Not really sure what Placer Deshacer (it seems they are a musical group with an alter-presence) is about but these pictures remind me of educational videos from the 70s and 80s, or the vague way that conceptual art is photographed. I love how the absence of color makes the human body look so mysterious and full of knowledge…
Canadian artist Luke Painter works in many disciplines, including drawing, printmaking, and mixed media installation pieces, though I think what I enjoy most are his Flash animations. These animations, which seem to be procedurally generated to some extent, depict a futuristic urban landscape in which structures come alive with moving mechanical parts.
I was quite surprised when I found out the work of Canadian artist Ross Racine was completely hand-drawn. While some compositions are more realistic than others, all of them could pass fairly easily as documentary aerial photography of yesteryear, perhaps taken from government planes after the great post-war suburban explosion. Some of his drawings are minimal, some much more complexly textured; all present an interesting fictional view of suburban and rural America.
Caroline de Vries’ portrait photography is stunning. She experiments with the medium of photography as well as with the context and presentation. Through this exploration she encourages the viewer to construct links between subject and context. In “Unknown – Known” she assembles a “visual relationship” between two strangers by replicating the facial expression, position and facial features of a found portrait.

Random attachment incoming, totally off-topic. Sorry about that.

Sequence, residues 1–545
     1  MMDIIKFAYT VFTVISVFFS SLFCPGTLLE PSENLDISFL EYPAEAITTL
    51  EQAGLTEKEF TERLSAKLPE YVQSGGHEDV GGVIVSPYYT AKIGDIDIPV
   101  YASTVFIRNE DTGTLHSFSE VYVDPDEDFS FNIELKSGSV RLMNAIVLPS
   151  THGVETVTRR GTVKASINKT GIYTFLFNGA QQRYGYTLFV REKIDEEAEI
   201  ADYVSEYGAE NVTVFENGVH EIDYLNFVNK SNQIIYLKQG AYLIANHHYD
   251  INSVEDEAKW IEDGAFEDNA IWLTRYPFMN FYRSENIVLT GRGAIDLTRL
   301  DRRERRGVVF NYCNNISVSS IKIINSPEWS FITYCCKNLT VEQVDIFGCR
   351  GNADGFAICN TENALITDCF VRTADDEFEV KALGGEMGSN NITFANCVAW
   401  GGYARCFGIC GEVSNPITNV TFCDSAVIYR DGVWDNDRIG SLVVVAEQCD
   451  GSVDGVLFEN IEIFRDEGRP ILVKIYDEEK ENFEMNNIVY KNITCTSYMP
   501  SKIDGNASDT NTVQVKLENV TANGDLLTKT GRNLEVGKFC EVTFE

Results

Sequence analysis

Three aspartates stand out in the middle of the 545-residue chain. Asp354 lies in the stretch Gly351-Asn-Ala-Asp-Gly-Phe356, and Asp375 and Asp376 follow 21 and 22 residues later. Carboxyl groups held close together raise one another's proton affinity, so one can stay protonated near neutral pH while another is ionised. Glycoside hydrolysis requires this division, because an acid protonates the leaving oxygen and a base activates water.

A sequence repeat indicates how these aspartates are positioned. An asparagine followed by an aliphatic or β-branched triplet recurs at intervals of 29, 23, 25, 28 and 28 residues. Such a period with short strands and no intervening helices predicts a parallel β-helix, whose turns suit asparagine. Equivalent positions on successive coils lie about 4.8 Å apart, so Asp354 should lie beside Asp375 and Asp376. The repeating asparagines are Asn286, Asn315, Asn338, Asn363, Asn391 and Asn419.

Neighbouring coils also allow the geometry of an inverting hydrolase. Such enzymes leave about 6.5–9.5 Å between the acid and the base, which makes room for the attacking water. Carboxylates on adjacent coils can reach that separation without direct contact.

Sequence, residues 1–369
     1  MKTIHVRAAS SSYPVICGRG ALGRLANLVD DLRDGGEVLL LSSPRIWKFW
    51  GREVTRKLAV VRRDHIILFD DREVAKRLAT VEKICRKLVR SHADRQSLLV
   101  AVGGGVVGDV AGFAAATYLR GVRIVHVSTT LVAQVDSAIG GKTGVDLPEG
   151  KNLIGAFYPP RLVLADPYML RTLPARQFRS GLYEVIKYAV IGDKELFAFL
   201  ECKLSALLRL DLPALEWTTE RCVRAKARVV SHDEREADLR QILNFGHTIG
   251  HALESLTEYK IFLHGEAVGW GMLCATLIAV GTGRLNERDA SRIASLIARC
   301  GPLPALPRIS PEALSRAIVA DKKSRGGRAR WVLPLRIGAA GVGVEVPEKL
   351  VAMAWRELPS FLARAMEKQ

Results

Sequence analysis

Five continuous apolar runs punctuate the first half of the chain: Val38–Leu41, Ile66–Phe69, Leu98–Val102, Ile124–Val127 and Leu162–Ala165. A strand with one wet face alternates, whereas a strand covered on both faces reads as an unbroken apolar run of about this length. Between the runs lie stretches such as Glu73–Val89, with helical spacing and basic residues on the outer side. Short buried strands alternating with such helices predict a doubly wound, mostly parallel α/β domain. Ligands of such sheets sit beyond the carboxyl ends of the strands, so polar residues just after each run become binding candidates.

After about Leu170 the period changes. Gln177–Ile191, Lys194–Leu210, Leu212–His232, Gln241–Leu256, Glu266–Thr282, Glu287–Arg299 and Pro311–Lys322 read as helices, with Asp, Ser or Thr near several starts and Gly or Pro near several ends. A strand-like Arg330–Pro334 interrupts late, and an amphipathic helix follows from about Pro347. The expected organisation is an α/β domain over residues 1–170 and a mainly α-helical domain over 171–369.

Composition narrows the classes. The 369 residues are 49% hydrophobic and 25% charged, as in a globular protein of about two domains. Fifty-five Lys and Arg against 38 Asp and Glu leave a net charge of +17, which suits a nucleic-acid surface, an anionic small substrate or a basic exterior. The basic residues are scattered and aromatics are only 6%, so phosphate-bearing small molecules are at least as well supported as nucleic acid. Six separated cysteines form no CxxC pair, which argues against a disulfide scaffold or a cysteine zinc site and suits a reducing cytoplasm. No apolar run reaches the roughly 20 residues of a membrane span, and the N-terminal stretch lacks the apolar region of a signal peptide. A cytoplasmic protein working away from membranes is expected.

London based illustrator Andrew Clark brings together the photorealistic, the abstract, and the geometric. His work seems to hint at the future, while interweaving what feels like folklore into his intricate illustrations.
Clark has created work for magazines, album covers, posters, and corporate identity.
The Company is pleased to announce the exhibition of “Jesse Reding Fleming’s Methods of Invisibility: Shades of Gray (2001-2009).” In addition to an installation in The Company’s main exhibition space, the video for this project (shot while driving from California to New York in 2001, edited in 2009) will make its world premiere in The Company’s video garage. Jesse states, “Eight years later, returning to California and for my first show in LA, it seemed to be a suitable time to reopen it for completion.”